When Scout thoughtlessly remarks on the impoverished Walter Cunningham’s bad table manners, Calpurnia takes her aside and explains: “There’s some folks who don’t eat like us…but you ain’t called on to contradict ‘em at the table when they don’t. That boy’s yo’ comp’ny and if he wants to eat up the whole table cloth you let him, you hear?” [p. 27]. What important lesson is Calpurnia imparting to Scout in this scene? How is this lesson related to the novel’s larger themes? Why is it significant that it comes, in this instance, from Calpurnia?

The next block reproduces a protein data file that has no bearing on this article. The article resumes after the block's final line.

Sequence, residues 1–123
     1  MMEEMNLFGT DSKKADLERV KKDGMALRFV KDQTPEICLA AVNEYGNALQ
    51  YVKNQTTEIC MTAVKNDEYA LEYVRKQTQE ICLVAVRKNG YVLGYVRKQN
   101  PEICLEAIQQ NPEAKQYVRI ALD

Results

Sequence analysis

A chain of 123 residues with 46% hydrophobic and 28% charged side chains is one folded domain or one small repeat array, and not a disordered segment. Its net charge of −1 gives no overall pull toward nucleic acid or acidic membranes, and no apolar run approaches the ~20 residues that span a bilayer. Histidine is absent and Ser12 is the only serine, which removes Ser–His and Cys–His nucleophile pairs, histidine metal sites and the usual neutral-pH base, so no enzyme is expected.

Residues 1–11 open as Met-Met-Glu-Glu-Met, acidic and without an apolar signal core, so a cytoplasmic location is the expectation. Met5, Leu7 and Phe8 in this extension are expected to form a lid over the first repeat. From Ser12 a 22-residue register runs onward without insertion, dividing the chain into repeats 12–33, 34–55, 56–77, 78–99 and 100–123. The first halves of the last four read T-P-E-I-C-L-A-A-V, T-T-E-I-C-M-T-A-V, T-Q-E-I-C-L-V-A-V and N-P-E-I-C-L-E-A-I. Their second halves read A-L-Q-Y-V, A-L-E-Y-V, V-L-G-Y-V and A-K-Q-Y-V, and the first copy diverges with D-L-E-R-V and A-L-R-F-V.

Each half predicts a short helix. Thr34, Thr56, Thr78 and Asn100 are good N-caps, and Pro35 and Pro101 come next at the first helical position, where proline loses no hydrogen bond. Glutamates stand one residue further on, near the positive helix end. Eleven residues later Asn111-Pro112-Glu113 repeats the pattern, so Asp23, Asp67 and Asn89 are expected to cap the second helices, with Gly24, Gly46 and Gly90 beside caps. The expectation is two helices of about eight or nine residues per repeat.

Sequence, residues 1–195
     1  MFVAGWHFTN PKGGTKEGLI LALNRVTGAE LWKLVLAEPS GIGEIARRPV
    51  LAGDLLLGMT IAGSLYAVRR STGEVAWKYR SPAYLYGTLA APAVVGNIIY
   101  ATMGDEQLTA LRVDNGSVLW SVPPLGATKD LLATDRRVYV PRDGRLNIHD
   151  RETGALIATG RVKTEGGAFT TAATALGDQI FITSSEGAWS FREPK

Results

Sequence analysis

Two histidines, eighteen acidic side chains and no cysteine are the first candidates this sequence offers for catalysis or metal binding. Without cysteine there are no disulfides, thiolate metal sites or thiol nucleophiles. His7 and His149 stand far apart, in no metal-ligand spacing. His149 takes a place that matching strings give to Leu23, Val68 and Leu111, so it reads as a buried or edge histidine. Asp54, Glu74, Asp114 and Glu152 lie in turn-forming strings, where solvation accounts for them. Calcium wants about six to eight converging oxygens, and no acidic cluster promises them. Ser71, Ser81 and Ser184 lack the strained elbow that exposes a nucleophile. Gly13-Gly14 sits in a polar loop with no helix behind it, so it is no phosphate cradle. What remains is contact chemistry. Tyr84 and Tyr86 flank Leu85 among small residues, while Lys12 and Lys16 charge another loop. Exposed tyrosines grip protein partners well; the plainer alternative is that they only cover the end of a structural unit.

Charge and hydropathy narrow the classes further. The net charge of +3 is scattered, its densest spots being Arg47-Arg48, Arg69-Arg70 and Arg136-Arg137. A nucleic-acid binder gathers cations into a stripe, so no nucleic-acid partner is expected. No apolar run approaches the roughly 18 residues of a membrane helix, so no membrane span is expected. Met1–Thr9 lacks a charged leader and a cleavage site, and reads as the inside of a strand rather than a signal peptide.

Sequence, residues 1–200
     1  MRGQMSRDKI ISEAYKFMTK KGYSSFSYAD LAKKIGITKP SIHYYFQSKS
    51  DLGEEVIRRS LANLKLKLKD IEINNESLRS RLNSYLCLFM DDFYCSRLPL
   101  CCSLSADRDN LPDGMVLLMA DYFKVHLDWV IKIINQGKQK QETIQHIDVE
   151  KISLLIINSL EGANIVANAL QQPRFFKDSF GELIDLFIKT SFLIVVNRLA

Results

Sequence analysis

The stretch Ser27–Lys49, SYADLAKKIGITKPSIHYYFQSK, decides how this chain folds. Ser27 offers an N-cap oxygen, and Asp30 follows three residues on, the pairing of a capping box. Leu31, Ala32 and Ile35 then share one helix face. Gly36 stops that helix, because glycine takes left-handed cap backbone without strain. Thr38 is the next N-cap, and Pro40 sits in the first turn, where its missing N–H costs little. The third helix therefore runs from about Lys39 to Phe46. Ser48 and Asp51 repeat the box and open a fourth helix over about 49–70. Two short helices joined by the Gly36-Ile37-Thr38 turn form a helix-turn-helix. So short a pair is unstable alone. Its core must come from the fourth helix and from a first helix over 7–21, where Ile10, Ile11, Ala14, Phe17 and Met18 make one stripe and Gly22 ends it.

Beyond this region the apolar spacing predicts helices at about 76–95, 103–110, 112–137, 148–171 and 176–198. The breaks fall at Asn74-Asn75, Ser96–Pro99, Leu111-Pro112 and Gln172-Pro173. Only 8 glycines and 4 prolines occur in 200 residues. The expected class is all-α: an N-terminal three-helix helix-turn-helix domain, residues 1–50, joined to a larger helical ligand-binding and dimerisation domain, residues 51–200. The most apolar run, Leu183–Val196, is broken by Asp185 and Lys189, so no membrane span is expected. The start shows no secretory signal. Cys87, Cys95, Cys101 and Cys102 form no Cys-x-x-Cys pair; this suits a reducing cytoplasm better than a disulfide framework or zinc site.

She was about in her thirties when she narrates the events, and experiences them from age 6-9.
Hmm, to accept people? It relates to the larger theme of racism...I think. It's significant because it comes from her, and she's an Afro-American, a 'black'. I don't really know how to explain.^^"
This article contents is post by this website user, EduQnA.com doesn't promise its accuracy.
More Questions & Answers...